Mechanism of action and metabolism of AZA

Mechanism of action and metabolism of AZA

AZA is a prodrug converted to 6-MP, which is then converted to thiopurine nucleotides (6-TGN), which decrease de novo synthesis of purine nucleotides with resultant inhibition of DNA, RNA, and protein synthesis. This results in both cytotoxicity and decreased cellular proliferation. 6-TGN metabolite levels can be measured within 4 hours of taking AZA with 230 to 400 pmole/8 × 10 8 red blood cells being therapeutic (cost: $270).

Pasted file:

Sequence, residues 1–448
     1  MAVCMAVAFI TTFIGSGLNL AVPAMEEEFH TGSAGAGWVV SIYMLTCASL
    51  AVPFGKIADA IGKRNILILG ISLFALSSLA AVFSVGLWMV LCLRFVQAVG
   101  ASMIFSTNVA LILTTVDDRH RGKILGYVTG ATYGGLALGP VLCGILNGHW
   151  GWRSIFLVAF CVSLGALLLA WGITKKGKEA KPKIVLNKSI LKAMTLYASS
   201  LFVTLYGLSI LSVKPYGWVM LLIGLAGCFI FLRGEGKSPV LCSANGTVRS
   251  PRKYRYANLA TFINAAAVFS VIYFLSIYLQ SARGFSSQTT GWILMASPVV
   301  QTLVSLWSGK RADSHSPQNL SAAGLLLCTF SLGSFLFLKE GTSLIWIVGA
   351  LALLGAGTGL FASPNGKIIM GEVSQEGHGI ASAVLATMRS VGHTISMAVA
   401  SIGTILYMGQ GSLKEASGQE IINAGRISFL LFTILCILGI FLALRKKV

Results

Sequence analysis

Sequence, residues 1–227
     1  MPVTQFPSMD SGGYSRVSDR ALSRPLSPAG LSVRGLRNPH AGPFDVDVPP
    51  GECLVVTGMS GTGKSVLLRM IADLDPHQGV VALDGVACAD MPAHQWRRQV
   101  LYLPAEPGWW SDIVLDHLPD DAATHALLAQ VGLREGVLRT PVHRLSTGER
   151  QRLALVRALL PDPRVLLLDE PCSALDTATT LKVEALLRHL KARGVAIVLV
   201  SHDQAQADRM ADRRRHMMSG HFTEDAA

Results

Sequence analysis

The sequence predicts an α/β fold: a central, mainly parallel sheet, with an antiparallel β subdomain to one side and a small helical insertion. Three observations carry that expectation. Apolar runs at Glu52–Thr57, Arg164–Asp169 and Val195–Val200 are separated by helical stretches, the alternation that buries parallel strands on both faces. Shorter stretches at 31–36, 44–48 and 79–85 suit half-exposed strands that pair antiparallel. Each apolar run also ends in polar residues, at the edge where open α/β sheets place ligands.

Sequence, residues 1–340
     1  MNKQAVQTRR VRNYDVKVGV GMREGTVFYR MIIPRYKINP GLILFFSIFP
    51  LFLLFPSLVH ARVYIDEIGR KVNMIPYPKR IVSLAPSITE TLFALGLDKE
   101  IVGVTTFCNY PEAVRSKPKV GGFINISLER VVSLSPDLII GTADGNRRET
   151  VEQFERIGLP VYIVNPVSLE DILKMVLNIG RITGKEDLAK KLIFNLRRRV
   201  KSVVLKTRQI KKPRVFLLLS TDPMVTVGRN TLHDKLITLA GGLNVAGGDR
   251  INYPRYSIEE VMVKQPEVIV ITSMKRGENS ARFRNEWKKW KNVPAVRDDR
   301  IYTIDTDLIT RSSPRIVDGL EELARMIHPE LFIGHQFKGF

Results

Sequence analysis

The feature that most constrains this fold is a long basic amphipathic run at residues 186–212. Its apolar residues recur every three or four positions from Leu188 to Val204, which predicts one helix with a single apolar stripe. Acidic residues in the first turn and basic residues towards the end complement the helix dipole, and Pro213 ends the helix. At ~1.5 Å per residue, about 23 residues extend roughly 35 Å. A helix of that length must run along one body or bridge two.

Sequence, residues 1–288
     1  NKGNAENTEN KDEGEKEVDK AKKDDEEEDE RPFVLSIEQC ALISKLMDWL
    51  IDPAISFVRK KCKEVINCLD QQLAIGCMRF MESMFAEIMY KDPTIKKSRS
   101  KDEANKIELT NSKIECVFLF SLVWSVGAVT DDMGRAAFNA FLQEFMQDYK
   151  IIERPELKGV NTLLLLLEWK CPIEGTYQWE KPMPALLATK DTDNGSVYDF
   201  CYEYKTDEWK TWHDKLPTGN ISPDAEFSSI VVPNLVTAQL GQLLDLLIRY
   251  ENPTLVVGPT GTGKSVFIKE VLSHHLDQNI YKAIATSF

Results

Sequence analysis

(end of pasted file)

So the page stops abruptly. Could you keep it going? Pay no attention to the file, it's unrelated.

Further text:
The metabolism of 6-MP by two enzymes—XO and TPMT—results in the formation of inactive metabolites. Inhibition of XO (by allopurinol, febuxostat) or TPMT (by sulfasalazine) causes an accumulation of 6-MP resulting in toxicity. In addition, TPMT enzyme activity is affected by genetic polymorphisms with 90% having high activity, 10% intermediate activity, and 0.3% low activity. Blacks have 17% less TPMT activity than whites. Patients with low TPMT activity are at risk for the sudden onset of severe myelosuppression occurring between 4 and 10 weeks after starting AZA. Patients with intermediate activity have more frequent adverse side effects, particularly gastrointestinal (GI). TPMT genotype and phenotype can be measured. Notably, the TPMT enzyme activity (i.e., phenotype) cannot always be predicted by the genotype. Whether or not this is necessary prior to starting AZA is controversial since over half of all cases of leukopenia are seen in patients with normal TPMT activity


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